The Groupon hearing is in November, and is to be held in East Texas; a district known for its judges’ reluctance to make summary judgment in cases such as this. Instead, most recommend patent dispute cases for jury trial. Very few end up in trial, based on the cost and risk to the defendant, and are more often than not settled out of court.
An out of court settlement that mirrors the one just agreed with MyLikes, but with a company that operates at the scale of Groupon or Yelp, could result in Blue Calypso generating licensing revenue that far exceeds its current market capitalization.
What are the risks?
By virtue of Blue Calypso’s emerging tech status, risk lies in the company’s ability to finance its operations. The company will rely on short term financing until it can generate revenue to a level that covers its operational expense, reported at just short of $1 million for the first three months of this year. This risk is somewhat mitigated, however, by the prospect of licensing revenue in the near future. While many emerging tech companies run at a loss while they develop technology and carve out market share, Blue Calypso might be able to fund some of this expense through the revenue it stands to generate if successful in the dispute hearings.
There is also the possibility that the company may lose its patent disputes. While the recent settlement with MyLike suggests that the patents in question are strong enough to hold up to legal scrutiny, it by no means guarantees reflective success against Groupon, Yelp and LivingSocial. If Blue Calypso loses these cases, its continued expansion will require other forms of financing. Further issuance of shares to meet its financial requirements could dilute current share value, as might the 14 million outstanding options that could become dilutive if its share price rises.
In terms of competitor risk, the companies Blue Calypso stands to benefit from if the hearings are successful are also the companies it stands to compete with for revenue in the social media advertising industry. Many of these are financially superior, which will make gaining an extensive market share difficult. However, acting to reduce this risk is the intellectual property the company owns. The patents that cover the peer-to-peer distribution of promotional material will afford Blue Calypso a certain level of exclusivity in developing new technology within the sector. This gives the company a competitive advantage over others, regardless of financial standing.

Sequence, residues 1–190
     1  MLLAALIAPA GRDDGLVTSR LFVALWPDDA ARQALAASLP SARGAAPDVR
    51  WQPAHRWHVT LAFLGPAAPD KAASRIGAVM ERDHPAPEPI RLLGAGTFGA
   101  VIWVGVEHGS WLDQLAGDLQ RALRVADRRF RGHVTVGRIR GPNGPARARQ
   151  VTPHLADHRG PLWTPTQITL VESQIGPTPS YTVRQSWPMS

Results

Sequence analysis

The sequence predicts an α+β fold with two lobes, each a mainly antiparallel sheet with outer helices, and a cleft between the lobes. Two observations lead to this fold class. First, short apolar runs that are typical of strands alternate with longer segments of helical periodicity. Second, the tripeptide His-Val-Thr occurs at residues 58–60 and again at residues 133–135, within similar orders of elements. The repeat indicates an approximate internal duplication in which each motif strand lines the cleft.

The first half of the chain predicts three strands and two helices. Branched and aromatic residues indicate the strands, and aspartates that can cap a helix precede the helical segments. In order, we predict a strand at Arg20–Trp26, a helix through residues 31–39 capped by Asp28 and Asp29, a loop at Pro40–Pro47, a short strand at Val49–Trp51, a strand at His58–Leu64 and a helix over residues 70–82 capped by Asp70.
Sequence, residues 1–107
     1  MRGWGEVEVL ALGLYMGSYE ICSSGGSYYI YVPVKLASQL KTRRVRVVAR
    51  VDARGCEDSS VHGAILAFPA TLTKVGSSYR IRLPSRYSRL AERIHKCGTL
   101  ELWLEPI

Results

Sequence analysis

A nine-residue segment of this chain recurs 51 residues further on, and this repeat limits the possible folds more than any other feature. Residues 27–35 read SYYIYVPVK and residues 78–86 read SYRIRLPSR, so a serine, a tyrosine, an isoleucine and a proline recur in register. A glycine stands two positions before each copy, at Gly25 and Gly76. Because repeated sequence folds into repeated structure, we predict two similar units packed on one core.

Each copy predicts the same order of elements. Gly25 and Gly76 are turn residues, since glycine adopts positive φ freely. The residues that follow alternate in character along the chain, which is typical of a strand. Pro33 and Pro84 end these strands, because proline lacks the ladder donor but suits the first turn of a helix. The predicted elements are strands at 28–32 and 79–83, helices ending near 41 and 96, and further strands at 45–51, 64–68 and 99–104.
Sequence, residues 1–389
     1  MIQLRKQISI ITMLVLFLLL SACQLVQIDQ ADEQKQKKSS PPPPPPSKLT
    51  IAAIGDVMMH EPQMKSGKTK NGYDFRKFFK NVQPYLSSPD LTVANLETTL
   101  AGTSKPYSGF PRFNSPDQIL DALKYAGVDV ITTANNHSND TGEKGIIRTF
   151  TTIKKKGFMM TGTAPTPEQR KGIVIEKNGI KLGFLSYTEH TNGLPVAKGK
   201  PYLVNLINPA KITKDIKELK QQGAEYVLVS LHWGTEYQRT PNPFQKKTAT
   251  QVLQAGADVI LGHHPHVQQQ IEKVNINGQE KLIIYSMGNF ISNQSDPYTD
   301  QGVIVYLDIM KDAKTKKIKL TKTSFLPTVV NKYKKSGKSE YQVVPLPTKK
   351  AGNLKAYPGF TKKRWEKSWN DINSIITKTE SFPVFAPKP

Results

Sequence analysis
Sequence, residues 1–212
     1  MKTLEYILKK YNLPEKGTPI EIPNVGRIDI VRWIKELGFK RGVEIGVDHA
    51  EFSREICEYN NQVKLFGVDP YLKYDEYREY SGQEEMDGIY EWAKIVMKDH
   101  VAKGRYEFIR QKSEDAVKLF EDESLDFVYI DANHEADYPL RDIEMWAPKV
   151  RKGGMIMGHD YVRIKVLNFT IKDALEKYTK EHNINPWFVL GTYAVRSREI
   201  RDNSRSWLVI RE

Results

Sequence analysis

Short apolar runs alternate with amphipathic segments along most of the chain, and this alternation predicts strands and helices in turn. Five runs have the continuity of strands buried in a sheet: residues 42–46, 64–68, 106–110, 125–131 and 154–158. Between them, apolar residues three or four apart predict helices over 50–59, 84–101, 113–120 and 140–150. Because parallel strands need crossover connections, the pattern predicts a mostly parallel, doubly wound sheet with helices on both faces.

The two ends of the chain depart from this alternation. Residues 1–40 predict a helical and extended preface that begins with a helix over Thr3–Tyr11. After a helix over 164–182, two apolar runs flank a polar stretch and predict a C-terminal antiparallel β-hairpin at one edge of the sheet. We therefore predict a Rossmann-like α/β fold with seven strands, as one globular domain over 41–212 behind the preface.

Finally, there exists a certain level of risk in the concept itself. Social media advertising is a young, and as of yet relatively unproven, industry. Its own growth is reliant upon the continued growth, or at least stabilization, of the user base of social media platforms. If the popularity of the media declines this would have a diminishing effect on the potential market for advertising across it.
To conclude, Blue Calypso is a development stage company with the potential of a two-fold benefit to investors. The first of these benefits is that its current products are generating revenue, and the intellectual property that protects them will enable the company to grow and develop the technology that, at present, drives the peer-to-peer social media advertising industry. The second, if Blue Calypso is successful in its upcoming patent disputes, then the licensing revenue it stands to receive could outweigh its current market capitalization. Both of these things suggest its stock might be undervalued at its current price.
The following article is from one of our external contributors. It does not represent the opinion of Benzinga and has not been edited.